What I learned from Ursula K. Le Guin

Some writing books are for beginners, but I found myself hungry for a book about narrative prose that assumed I was already working hard on my craft and needed the next step. Lots of authors write books about writing: they give financial advice, formulas they use to chart plots, etc.

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Thing is, some of that advice didn’t work for me, and I found myself buffeted by a fusillade of opinions I had no ability to judge. It was Ursula K. Le Guin’s book that I found immensely helpful.

When I decided to try to write fiction professionally, I picked up Orson Scott Card’s book and did a write-up on this blog to internalize what I learned. I’d like to do the same for Le Guin’s book here.

So here’s what I learned from Steering the Craft: A 21st-Century Guide to Sailing the Sea of Story :

Rhyme isn’t rhythm; and your prose should sound nice when read aloud. Narrative momentum and pacing are very important to story, and a key way to achieve this is rhythm. Read your writing out loud! Does it sound right? Trust your ear a bit, and if you suspect your own ear then read good writing to get a sense of how a good narrative sounds. Onomatopoeia, alliteration, repetition, dialect, just write paragraphs practicing these without using a meter or a rhyme, and see how you do.

Grammar is beautiful! Punctuation tells the reader how to hear your writing. Pauses have to be in just the right spots. The wrong choice alters the meaning; punctuation choices should be deliberate.

Don’t be afraid of repetition. Don’t run to the thesaurus all the time; skillful repetition gives power to prose and gives the themes of a story solid ground. Repeat words, images, and phrases to drive a dramatic point home. If writing humor, repetition can be a tool that sets up reader expectations and consistently delivers catharsis over the course of a long work.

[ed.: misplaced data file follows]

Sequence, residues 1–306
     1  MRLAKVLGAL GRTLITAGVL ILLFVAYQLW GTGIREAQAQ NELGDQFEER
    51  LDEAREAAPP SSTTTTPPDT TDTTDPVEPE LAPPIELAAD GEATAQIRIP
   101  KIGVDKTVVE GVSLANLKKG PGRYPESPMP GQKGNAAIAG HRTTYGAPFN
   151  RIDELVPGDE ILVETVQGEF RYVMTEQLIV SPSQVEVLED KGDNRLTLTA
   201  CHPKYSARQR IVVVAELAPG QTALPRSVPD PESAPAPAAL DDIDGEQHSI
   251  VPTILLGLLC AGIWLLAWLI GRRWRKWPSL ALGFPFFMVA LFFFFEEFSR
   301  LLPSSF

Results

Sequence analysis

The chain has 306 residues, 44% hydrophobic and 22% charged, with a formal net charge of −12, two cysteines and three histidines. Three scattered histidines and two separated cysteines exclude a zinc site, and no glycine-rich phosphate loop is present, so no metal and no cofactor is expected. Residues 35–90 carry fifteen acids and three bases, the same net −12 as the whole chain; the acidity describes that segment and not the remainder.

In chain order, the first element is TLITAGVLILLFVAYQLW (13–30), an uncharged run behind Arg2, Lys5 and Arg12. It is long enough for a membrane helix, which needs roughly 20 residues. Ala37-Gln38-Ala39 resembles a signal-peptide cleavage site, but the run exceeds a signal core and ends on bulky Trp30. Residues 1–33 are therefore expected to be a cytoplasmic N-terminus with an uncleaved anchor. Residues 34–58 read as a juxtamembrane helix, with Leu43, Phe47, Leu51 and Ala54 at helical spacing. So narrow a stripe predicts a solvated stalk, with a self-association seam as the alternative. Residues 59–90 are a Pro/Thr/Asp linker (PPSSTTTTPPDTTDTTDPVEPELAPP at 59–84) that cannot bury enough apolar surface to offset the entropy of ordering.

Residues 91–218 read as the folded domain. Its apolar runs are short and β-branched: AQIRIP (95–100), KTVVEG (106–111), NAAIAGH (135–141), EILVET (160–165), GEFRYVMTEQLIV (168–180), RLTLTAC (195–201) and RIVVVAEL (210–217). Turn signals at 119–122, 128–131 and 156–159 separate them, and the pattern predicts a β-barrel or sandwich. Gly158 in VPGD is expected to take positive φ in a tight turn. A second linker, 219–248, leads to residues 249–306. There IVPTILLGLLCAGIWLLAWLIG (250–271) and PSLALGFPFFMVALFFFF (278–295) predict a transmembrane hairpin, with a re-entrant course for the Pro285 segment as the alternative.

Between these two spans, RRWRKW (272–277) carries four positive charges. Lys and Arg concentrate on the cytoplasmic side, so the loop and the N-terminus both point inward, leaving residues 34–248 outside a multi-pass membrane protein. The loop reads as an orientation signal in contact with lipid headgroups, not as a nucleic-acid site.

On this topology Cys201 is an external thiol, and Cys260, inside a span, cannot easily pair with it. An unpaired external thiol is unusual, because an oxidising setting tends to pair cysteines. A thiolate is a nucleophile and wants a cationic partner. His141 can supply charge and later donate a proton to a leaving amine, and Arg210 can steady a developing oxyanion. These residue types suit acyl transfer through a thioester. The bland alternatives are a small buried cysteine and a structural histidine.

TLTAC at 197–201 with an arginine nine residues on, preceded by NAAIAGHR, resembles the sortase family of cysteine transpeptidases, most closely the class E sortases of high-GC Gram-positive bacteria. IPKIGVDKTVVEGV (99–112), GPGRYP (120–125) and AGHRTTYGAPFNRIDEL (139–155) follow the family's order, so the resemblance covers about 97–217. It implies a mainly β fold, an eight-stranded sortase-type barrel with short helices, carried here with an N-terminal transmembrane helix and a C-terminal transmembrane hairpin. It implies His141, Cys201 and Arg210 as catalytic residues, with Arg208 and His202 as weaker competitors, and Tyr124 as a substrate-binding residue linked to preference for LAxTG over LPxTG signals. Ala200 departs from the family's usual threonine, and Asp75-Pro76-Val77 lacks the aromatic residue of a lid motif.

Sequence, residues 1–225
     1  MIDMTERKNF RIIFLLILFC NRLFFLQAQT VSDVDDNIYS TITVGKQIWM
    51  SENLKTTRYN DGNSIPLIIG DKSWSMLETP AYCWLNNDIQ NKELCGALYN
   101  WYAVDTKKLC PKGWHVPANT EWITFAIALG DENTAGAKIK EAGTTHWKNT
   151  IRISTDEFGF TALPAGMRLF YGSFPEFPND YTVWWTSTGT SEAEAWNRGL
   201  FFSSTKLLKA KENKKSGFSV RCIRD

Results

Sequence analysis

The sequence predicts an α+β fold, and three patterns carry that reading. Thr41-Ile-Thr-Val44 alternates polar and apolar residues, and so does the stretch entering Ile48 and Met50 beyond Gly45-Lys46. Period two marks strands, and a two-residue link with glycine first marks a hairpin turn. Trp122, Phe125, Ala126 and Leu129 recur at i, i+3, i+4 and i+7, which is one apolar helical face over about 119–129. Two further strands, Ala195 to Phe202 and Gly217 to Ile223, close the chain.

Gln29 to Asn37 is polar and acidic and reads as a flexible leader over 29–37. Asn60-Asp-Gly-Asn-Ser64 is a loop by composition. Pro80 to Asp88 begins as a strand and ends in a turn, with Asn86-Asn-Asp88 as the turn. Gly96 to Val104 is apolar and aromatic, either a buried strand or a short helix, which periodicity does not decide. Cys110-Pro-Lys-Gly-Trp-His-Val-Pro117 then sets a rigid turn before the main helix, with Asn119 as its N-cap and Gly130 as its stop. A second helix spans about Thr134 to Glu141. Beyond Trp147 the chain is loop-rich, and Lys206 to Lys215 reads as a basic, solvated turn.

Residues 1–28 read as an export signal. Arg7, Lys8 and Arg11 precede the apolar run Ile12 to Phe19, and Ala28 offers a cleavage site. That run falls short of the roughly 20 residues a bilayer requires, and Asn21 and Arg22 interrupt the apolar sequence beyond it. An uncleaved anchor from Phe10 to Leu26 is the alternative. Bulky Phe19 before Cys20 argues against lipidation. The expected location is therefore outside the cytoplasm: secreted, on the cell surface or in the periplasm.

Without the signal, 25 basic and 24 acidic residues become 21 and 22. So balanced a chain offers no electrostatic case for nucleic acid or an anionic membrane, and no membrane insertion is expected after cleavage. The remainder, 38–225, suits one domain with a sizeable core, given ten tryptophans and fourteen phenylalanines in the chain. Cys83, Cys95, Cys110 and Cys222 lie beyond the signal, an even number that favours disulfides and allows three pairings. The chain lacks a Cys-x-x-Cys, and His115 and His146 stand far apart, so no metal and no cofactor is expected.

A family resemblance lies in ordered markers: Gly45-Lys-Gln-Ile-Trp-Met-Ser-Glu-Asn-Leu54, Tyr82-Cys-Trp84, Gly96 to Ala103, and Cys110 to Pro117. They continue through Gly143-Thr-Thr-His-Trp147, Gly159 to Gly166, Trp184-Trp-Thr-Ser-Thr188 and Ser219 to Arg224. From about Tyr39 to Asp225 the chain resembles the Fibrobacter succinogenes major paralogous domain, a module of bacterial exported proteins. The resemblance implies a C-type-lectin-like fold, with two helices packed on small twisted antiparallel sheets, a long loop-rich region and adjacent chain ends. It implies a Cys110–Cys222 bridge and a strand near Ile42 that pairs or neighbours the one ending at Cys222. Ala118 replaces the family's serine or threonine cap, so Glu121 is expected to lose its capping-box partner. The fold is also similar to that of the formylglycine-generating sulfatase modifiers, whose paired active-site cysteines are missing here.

Try some self-editing that removes all adverbs: Figure out what your bad habits are. A first draft is always terrible, reading like a surreal fever dream on the second pass. So deliberately practice wording things in different ways. Are you using adverbs or adjectives as a crutch? Using superlatives too often? “She’s very pretty and so nice!” is weaker than “her eyelashes caught the light as she helped the child off the ground, dusting his jacket while telling him he was brave for not crying over a scraped knee.”

Imitation isn’t plagiarism. Imitate great writers in order to learn. Artists and musicians copy the masters, so writers should too. Just remember that imitation is for practice, and an essential learning tool! If you show it to someone else, say the piece is “in the manner of so and so” and that’s fine.

The book is full of exercises and assignments that can be completed on your own or with a peer group. I’ve done a few of them twice, three times, and learned something new every time. I’m still a “baby writer” in the sense that my latest work is better than my earlier stuff (as is natural), and I’m just starting to break into publishing after a few years of hard work and several failed attempts. The hard work is paying off! One of my short stories was recorded for an episode of Starship Sofa last year, and I have a few short pieces forthcoming with other outlets. (Hopefully published this year!)

This book is going to be a staple of my writing diet. I can’t recommend it enough!

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